Public Talk: Your Microbiome – How the Bugs Living in You and on You Affect Your Health

On Wed. April, 6 at Vancouver Public Library – Central Branch, over 230 people attended the fourth and final LSI Public Talk of this season’s Personalized Medicine-themed series: Your Microbiome – How the Bugs Living in You and on You Affect Your Health.

Video of entire event just uploaded:

The event featured the following speakers:


Linda Aylesworth – Reporter, Global BC News


Linda Aylesworth is a reporter with Global BC and has been with Global since 1981. She graduated from the BCIT Journalism program and her years spent studying biology led her to specialize in health, science and environmental journalism. Aylesworth’s reports have earned her an Edward R. Murrow Award for Feature Reporting, one National and two Regional Radio-Television News Directors Association Dave Rogers Awards, and a Jack Webster Award for best science reporting.

Discussion Panelists and Topics

Bill Mohn – Professor, Department of Microbiology & Immunology, Life Sciences Institute, UBC


Mohn is a Professor in the Department of Microbiology & Immunology at UBC.  Prof. Mohn is a microbial ecologist who studies microbiomes in diverse environments, from humans to forest soils, with an emphasis on metabolism in those environments.  The work is relevant to human health, biotechnology and environmental stewardship.

What Everyone Should Know About Their Microbiome

What is a Microbiome? It’s an ecological community of microorganisms associated with a particular environment or host organism… like you, for example. Everyone has more than 100 trillion microorganisms in their body. According to UBC Prof. Bill Mohn, together they weigh about 2.5 pounds! Your microbiome plays critical roles in the functioning of your body including immune system development & regulation, digestion & energy harvest, synthesis of vitamins & hormones, protection from pathogens and metabolism of drugs. Perturbation of the microbiome is associated with many diseases.

Over the last fifty years, as infectious diseases such as measles, mumps, hepatitis A and tuberculosis have drastically declined through improvements in hygiene and vaccinations, there has been a large increase in the incidence of allergies, multiple sclerosis, digestive disorders, weight problems, type 1 diabetes, many of which are auto-immune disorders. Are we leading lives that are too clean? We are certainly taking too many antibiotics, which kill both the bad bacteria and the good in our bodies.

Watch Linda Aylesworth’s interview with Prof. Bill Mohn on Global News BC (below):


Brett Finlay – UBC Peter Wall Distinguished Professor, Department of Microbiology & Immunology, Michael Smith Laboratories, UBC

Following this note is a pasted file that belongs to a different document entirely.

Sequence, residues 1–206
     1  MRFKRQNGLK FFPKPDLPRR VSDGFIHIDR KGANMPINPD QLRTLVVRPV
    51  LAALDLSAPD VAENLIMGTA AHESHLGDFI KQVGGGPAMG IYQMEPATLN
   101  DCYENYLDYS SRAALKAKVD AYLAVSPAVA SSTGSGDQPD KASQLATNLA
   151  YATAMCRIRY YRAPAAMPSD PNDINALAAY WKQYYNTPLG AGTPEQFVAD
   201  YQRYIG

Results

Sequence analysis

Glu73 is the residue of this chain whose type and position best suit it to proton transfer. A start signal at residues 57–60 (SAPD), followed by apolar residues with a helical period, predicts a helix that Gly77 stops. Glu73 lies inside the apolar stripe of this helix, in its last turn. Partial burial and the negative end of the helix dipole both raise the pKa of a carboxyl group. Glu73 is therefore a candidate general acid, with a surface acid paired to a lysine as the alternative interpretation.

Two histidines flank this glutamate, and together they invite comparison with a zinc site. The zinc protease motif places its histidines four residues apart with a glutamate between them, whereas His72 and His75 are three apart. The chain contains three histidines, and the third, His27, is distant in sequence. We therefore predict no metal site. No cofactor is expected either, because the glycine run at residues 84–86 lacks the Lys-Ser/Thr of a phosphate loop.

Brett Finlay is the Peter Wall Distinguished Professor in the Michael Smith Laboratories at UBC.  He is a world expert in microbiology, especially infectious diseases and the microbiota, publishing over 450 scientific papers in these areas.

How Can Microbes Change the Future of Human Health?

Technology has played a big role in our ability to characterize and compare microbiomes between individuals and between healthy and disease states. In future, genomic sequencing methods will replace the crude diagnostic method of looking at them under a microscope and this will provide an accurate and personal profile. Want to learn more without battling scientific jargon? Look for a new book by Dr. Brett Finlay and Dr. Marie-Claire Arrieta in Fall 2016 called “Let Them Eat Dirt”, to be published by Greystone Books in Canada.


Deborah Money, MD – Professor, Department of Obstetrics & Gynecology, UBC, VP, Research, BC Women’s Hospital + Health Centre, Women’s Health Research Institute


Dr. Deborah Money is a Professor in Obstetrics and Gynecology at UBC and is the Executive Vice-Dean of the Faculty of Medicine. She is a clinician/scientist in the area of Reproductive Infectious Diseases and conducts research into the role of the vaginal microbiome in women’s reproductive health.

Women’s Health: How is the Vaginal Microbiome Important?

A woman’s microbiome plays a specific important role in her health and that of her children. An abnormal microbial balance in the vagina is associated with increased risk of premature birth and with post-surgical infections (e.g. after caesarian section). This is an active area of research for Dr. Money.

The Life Sciences Institute (LSI) annually hosts the LSI Public Talks, a series of informal panel discussions and audience Q & A that aim to help the public understand how our research has an impact on their lives. The 2015-2016 series focused on personalized medicine and how we are working to change clinical practice, improve health outcomes, and reduce health costs.


A Partnership Event:


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